See which NFL team was sold for 1 billion

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See which NFL team was sold for 1 billion

From Comcast SportsNet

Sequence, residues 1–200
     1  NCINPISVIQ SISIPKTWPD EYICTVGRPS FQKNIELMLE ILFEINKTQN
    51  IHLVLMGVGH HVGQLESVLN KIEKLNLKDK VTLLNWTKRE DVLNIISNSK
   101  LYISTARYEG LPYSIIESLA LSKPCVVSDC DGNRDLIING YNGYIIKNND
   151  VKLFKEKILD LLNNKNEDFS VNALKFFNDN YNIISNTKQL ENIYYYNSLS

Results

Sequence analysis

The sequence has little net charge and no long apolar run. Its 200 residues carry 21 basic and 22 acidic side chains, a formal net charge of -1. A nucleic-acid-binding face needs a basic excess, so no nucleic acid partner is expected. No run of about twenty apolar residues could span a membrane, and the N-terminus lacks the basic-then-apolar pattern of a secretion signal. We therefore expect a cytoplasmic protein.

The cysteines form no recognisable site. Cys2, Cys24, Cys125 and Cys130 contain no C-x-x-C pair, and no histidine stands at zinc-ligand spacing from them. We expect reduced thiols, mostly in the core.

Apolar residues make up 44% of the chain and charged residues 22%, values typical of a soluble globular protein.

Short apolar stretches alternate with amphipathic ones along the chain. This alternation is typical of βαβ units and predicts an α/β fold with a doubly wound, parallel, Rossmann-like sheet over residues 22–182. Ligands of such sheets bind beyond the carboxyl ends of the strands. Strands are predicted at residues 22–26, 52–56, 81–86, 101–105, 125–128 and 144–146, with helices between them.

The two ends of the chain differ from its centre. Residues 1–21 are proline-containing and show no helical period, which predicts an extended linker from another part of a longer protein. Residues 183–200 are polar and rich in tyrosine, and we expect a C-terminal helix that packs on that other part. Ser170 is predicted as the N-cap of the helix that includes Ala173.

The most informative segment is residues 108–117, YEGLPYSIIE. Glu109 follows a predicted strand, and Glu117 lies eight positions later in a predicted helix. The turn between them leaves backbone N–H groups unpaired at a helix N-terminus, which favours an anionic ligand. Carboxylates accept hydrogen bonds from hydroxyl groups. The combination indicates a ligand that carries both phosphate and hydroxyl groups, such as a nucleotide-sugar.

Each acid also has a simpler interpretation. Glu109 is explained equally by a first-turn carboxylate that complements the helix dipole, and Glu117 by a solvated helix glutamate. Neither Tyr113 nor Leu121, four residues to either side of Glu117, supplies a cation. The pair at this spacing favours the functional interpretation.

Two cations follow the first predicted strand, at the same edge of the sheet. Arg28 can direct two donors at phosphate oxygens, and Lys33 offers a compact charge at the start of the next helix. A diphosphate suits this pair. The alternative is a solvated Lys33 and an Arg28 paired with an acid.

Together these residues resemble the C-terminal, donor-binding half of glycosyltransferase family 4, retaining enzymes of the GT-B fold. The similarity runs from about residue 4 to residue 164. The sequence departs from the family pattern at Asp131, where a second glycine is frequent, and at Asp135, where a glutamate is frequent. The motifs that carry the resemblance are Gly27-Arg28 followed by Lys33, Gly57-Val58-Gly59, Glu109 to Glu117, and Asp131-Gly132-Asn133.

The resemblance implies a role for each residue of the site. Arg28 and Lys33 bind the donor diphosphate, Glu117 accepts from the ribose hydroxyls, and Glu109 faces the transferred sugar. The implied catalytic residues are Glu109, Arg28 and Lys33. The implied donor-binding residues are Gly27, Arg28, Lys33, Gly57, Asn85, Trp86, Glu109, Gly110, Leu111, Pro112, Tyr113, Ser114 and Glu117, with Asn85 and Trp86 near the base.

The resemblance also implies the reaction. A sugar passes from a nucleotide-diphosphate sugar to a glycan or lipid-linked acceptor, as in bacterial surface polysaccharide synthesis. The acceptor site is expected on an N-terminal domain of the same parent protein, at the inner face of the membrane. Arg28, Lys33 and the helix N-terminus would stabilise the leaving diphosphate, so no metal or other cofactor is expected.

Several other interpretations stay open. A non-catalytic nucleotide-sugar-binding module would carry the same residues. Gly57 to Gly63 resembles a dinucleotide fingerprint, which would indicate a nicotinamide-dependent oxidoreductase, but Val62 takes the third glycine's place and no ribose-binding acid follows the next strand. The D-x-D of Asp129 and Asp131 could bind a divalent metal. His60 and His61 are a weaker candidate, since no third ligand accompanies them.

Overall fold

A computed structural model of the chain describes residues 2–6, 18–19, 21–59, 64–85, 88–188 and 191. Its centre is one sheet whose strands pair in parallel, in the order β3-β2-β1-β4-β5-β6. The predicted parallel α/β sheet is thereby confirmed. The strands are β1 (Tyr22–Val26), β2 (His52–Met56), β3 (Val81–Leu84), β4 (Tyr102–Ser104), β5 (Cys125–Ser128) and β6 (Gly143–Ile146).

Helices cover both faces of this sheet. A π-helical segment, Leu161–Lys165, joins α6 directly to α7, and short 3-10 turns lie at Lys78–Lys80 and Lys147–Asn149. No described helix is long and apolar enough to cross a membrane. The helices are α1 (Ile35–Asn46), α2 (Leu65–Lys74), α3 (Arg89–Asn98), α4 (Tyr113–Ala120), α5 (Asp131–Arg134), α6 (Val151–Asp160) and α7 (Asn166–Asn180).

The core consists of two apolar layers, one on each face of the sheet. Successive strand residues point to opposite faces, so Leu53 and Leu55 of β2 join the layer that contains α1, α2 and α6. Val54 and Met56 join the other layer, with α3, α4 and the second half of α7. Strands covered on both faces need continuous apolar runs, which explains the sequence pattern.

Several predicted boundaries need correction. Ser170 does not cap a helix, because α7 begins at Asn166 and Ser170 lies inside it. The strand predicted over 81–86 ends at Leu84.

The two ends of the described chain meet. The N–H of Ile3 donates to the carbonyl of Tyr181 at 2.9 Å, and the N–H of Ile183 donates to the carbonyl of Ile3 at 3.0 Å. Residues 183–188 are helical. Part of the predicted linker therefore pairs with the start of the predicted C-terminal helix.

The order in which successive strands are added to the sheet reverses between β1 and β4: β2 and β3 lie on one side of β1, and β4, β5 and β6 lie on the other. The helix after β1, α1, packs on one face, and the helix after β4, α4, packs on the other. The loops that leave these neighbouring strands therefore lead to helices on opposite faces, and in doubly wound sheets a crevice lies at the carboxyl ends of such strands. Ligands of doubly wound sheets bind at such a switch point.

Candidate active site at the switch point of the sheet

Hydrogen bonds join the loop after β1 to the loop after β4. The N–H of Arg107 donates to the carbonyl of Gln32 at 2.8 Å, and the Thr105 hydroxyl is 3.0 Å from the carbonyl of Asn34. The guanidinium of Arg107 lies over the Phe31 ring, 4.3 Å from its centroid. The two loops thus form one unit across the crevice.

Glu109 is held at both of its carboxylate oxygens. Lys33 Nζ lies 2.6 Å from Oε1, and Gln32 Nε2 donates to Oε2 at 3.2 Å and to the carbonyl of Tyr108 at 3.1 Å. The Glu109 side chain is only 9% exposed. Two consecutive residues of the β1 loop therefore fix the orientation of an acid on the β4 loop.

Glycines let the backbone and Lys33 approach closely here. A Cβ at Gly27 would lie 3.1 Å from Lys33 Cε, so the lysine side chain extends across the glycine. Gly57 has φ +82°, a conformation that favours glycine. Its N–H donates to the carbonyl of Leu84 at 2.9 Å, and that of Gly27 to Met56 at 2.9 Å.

BEREA, Ohio (AP) -- The new owner of the Cleveland Browns is watching his first practice. Tennessee truck-stop magnate Jimmy Haslam III walked to the middle of the field Friday with team president Mike Holmgren and general manager Tom Heckert for his first glimpse at what 1 billion can buy. Haslam was wearing shorts on a hot, humid morning. Randy Lerner reached a deal Thursday to sell the club to Haslam, a minority stockholder in the rival Steelers. Haslam must divest his interest in the Steelers and also gain approval for the purchase from the NFL. Haslam, who planned to hold a news conference later Friday, promised Lerner the franchise won't be relocated. Haslam arrived in Cleveland late Thursday and dined with Holmgren. "He had done a lot of work on the Browns and the city of Cleveland," Lerner said Thursday, "and first and foremost gave me his personal assurance the team would remain in Cleveland." Lerner will sell 70 percent of the Browns to Haslam now, with the other 30 percent reverting to him four years after the closing date, a person with knowledge of the sale told The Associated Press on condition of anonymity because details have not officially been announced. "This is a very exciting time for my family and me," Haslam said through the team. "To own such a storied franchise as the Cleveland Browns, with its rich tradition and history, is a dream come true. We are committed to keeping the team in Cleveland and seeing it get back to the elite of the NFL -- something all Browns fans want and deserve." While the papers have been signed, the NFL still must sign off on the deal. Getting the nod from 24 of the 32 teams is required, and no date has been set for a vote because the sale has not been presented to the league yet. The person with knowledge of the sale said approval is expected by the end of September. ESPN reported the sale price was more than 1 billion. For comparison, the Miami Dolphins sold at a value of more than 1 billion in 2009. The Browns were valued at 977 million last year by Forbes magazine, 20th in the NFL. Asked if he was surprised by the deal, Holmgren said: "On one hand, the surprising part was the time of the year. But in this business, I gave up being surprised a long time ago." Lerner, whose family has owned the franchise since it returned to the NFL in 1999, first announced he was in negotiations to sell the club last week. The late Al Lerner, Randy's father, purchased the franchise from the NFL in 1998 for 530 million after the original Browns moved to Baltimore in 1996 and became the Ravens. The elder Lerner died in 2002. Randy Lerner also is the owner of Aston Villa, a club in the English Premier League. The expansion Browns entered the NFL in 1999 and have made the playoffs just once, a 2002 first-round loss to the Pittsburgh Steelers. They've had only two winning records in 13 seasons and are 68-140 since they returned. Even with a string of failures on the field, the value of the Browns -- like other NFL franchises -- keeps increasing, boosted by broadcast income. The league agreed in December to nine-year contracts with CBS, Fox and NBC that run through the 2022 season and will boost revenue from the 1.93 billion last season to 3.1 billion by 2022. The NFL reached an eight-year extension with ESPN last year through the 2021 season that increases the rights fee from 1.1 billion to 1.9 billion annually. Haslam has been a minority investor in the Steelers since 2008, and is the president and CEO of Pilot Flying J, the largest operator of travel centers and travel plazas in North America. He is the older brother of Tennessee Gov. Bill Haslam. According to a 2010 profile on Steelers.com, Haslam has been a Dallas Cowboys fan and then an Indianapolis Colts fan. But with the Pittsburgh investment, Haslam said he had become "1,000 percent a Steelers fan." The Haslam brothers are supporters of the University of Tennessee, where their father Jim Haslam played tackle on the 1951 national championship football team under Gen. Robert R. Neyland, who built the Volunteers into a football powerhouse. The elder Haslam founded the Pilot Corp. in 1958 with a single gas station in Gate City, Va. He credits sons Bill and Jimmy with expanding the chain from mostly gas stations and convenience stores to a "travel center" concept of truck stops featuring branded fast food service. As for Haslam possibly moving the franchise, Holmgren emphatically added, "The Cleveland Browns aren't going anywhere." But the current staff might be if the Browns don't do better than the 4-12 record of 2011, Pat Shurmur's first season as coach. New owners usually bring in their own management team, although Shurmur has impressed many people around the league. "I have no fear about any of that because I trust my coaches, I trust the players and I've watched the work they've done based on the conversation of this last week," Shurmur said Thursday. "I think we're moving full steam ahead. That doesn't bother me one bit at this point at this point. My concern is getting this team ready to play and our players understand that message and they are doing a good job." Holmgren would not address his future with the Browns. "Honestly, my focus is to have guys here concentrating on football, making it business as usual," he said. "The what ifs and hypotheticals, I have to stay away from." Haslam would be the sixth majority owner of the Browns: team founder Mickey McBride (1945-1953), David Jones (1953-1961), Art Modell (1961-1995), Al Lerner (1998-2002), and Randy Lerner (2002-present). An NFL trust also oversaw the inactive franchise from 1996-1998. Cleveland last won the NFL championship in 1964, beating Johnny Unitas and the then-Baltimore Colts 27-0. The Browns have never been to the Super Bowl.